Expectation vs. Reality
When I first learned about earthworks in Cheryl Shurtleff's Contemporary Art History summer crash course, I remember her referring to Western Washington University in Bellingham. It was known for commissioning earthworks artists to create pieces for the campus that were smaller scale representations of what they would "show" in remote places (at least in the case of Nancy Holt). My friend Cass and I traveled there in July 2008 and what we found was ultimately disappointing. A new building under construction left the Nauman and Holt pieces inaccessible (two of the top three I wanted to see). The above photographs show the closest I could get without trespassing (not that that's been an issue in the past - ahem).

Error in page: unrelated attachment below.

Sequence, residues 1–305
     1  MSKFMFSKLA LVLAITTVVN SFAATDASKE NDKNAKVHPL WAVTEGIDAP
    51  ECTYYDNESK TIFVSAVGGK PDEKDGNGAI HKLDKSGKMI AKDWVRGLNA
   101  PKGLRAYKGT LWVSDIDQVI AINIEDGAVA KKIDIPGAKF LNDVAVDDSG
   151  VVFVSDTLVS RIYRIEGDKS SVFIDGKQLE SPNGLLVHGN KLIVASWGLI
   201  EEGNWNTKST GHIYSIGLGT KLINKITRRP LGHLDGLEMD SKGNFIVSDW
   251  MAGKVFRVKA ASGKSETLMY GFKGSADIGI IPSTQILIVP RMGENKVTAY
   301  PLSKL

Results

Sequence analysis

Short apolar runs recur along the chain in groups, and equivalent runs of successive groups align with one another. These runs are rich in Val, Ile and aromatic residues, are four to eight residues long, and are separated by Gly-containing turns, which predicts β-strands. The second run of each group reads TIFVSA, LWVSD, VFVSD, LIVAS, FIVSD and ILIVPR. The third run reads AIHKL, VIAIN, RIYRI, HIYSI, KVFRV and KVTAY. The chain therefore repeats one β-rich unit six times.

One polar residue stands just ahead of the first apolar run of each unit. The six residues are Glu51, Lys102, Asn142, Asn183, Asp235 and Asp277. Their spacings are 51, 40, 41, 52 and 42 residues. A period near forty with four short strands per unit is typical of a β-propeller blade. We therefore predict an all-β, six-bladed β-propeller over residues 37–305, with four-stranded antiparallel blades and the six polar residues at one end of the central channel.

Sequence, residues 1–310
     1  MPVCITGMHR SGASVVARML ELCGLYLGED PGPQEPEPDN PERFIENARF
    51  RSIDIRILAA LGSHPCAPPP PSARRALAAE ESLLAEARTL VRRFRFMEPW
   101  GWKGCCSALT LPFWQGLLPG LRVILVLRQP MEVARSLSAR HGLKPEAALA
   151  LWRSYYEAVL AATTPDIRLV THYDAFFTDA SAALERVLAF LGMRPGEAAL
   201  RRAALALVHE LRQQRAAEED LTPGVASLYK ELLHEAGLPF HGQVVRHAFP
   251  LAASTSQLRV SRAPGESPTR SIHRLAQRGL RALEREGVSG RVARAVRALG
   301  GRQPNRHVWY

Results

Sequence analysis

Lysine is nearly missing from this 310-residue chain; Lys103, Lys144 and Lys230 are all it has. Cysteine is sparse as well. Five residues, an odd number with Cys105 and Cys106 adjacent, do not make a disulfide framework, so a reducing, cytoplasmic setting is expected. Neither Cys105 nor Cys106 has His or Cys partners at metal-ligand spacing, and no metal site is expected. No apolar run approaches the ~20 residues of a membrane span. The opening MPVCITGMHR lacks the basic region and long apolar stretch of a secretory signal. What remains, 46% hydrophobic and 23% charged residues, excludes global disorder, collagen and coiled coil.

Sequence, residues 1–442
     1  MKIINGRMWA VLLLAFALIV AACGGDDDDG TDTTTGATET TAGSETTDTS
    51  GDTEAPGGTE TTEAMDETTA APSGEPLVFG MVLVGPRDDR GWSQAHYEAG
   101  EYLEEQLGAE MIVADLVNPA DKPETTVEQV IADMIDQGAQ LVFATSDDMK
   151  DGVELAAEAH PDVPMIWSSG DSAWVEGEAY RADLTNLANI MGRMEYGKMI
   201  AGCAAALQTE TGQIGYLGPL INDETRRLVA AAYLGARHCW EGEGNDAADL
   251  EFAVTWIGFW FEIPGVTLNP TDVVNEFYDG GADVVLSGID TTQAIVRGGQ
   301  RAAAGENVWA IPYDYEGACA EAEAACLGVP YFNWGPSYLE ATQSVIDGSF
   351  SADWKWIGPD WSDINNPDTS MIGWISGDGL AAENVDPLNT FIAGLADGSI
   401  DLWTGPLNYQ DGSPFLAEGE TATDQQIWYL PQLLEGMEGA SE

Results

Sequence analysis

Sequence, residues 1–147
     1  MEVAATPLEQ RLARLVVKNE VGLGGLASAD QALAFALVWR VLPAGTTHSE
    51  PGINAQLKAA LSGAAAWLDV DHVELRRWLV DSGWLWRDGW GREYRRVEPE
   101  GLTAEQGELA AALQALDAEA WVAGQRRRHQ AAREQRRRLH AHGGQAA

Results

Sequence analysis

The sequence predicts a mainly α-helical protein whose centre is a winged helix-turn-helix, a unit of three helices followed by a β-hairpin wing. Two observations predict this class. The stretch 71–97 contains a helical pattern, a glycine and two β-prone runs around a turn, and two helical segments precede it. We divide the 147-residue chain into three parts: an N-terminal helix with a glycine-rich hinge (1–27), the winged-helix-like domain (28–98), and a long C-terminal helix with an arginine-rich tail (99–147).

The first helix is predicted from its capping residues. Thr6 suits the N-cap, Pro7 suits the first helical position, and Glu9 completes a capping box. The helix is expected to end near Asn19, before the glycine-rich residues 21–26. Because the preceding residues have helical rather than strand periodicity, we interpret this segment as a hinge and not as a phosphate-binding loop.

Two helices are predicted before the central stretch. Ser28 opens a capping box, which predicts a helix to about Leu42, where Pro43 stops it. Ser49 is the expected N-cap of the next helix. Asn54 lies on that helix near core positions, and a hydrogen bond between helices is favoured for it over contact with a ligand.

I most wanted to see Robert Morris's Untitled (Steam Work for Bellingham) but it was far too warm a day for that. Wishing I could see the artworks as they were depicted in the Sculpture Collection guide (as viewed above) became the common theme.
I'm always interested in viewing Richard Serra's site specific sculptures including the early, far less monumental works like the one of Anita Powell featured below at Kentuck Knob in Chalk Hill, Pennsylvania. Blatantly touching them is not something I normally do but when they are presented outdoors in a public setting, knowing full well that a myriad of other people leave their oils and graffiti all over them, manhandling them became irresistible.